7 Elements of a Socialization


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In addition to your one-on-one home visits with each child and family, twice a month the home-based option brings together small groups of families for child development experiences, parenting education, and opportunities to socialize and become friends with other families. Socializations are described in the Head Start Program Performance Standards (HSPPS) and the Information Memorandum (IM) Child Development Services During Home Visits and Socializations in the Early Head Start Home-Based Program Option, ACYF-IM-HS-00-22. Some of the major points are listed below.

Because the HSPPS describes preschool socialization more specifically than Early Head Start (EHS) socializations, the IM goes into much greater detail and is an important resource in implementing socializations for infants and toddlers.

You should plan experiences that help families better understand child development and school readiness. You are also supposed to offer structured and unstructured learning experiences for both children and parents that integrate their individual goals. These group experiences are designed to facilitate the development of emotional security through trusting relationships with a limited number of consistent and familiar people. Socialization experiences provide home-based staff the unique opportunity to focus on the parent–child relationship and interaction in the context of the group setting.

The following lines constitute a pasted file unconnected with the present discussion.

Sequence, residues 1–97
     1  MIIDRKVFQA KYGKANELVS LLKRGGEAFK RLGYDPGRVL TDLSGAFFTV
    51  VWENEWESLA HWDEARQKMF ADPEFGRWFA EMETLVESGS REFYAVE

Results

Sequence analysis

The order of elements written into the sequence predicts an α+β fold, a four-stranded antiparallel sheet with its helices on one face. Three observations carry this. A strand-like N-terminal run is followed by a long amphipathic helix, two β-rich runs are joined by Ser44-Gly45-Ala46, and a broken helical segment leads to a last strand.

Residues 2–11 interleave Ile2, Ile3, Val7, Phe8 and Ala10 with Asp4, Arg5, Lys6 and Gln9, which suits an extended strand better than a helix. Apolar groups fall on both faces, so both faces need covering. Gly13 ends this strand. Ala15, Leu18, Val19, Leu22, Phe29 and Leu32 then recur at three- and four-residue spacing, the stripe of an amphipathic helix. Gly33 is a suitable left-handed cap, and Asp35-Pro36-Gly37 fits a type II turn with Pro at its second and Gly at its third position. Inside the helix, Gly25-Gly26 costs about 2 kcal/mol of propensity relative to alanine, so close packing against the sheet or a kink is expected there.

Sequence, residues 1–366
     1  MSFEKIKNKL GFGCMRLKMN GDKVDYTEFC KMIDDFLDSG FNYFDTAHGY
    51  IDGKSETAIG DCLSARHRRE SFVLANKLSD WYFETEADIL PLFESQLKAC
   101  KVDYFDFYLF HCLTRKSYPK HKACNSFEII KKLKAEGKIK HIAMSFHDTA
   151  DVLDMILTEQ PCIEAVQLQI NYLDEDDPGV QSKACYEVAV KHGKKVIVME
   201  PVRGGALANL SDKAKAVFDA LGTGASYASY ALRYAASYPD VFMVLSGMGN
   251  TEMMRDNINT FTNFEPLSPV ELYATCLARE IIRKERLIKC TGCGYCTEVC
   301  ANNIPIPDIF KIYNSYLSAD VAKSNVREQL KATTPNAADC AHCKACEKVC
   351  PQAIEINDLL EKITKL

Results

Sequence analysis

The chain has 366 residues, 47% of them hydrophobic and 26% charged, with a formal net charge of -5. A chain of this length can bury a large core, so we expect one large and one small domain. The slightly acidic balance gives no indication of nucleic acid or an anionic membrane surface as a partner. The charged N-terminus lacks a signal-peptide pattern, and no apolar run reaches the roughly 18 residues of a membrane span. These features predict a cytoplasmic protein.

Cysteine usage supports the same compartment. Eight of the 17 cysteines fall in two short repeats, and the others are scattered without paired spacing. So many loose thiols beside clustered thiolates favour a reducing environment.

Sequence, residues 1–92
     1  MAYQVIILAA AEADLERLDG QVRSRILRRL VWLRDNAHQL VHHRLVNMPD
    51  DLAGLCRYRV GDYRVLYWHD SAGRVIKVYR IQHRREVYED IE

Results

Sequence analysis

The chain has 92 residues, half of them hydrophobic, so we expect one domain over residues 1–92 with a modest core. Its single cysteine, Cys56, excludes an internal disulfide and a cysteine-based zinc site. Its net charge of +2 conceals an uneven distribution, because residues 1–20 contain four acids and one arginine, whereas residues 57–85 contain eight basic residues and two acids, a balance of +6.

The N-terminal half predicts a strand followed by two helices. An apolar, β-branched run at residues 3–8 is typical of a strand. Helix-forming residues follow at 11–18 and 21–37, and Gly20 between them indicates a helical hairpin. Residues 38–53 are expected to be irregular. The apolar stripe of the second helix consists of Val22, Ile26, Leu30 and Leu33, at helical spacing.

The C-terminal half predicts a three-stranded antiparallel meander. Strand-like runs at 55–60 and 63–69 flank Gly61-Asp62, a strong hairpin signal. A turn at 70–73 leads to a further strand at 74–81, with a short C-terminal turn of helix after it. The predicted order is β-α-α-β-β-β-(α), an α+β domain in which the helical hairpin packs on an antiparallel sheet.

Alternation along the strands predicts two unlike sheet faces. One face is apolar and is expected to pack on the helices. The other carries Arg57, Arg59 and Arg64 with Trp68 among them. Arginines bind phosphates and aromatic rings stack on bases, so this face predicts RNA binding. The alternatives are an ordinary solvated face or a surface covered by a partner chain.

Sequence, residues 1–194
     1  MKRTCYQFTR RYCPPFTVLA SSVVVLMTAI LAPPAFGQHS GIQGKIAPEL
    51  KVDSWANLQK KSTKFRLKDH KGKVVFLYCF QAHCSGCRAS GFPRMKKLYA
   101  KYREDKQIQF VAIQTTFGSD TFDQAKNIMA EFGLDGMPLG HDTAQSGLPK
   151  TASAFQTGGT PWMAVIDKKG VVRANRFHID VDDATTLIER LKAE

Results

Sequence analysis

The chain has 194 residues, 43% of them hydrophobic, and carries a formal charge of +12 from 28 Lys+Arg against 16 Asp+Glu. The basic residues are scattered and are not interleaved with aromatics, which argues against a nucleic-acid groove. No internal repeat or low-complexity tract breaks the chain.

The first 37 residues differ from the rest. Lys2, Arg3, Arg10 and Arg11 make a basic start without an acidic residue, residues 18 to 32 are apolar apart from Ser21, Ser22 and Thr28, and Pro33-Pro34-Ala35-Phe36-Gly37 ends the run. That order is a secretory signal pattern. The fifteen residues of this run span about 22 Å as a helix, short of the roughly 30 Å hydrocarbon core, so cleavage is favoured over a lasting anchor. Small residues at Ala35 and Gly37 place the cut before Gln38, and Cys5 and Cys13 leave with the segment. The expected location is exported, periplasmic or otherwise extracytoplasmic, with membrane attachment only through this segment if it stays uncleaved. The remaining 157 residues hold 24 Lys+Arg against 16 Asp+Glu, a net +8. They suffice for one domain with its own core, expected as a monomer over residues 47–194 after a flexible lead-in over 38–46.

Additional goals of socializations include supporting the early child–parent relationship and reducing the isolation that some parents experience. There should be opportunities for parents to share their parenting joys and challenges with other parents. Socialization experiences should incorporate and honor the cultural practices of the families.

The HSPPS emphasize the integration of comprehensive services into socializations: physical health, oral health, mental health, nutrition, and child development and school readiness.

The HSPPS describe diverse roles for parents in socializations. Families are engaged in all aspects of socialization experiences: planning, implementing, and evaluating as described in each Family Partnership Agreement.

As you do in home visits, you use opportunities during socializations to model successful strategies for engaging children and supporting their development. You also observe a child in the group environment with the parents while helping the parents to recognize and celebrate the child’s skills, abilities, and interests.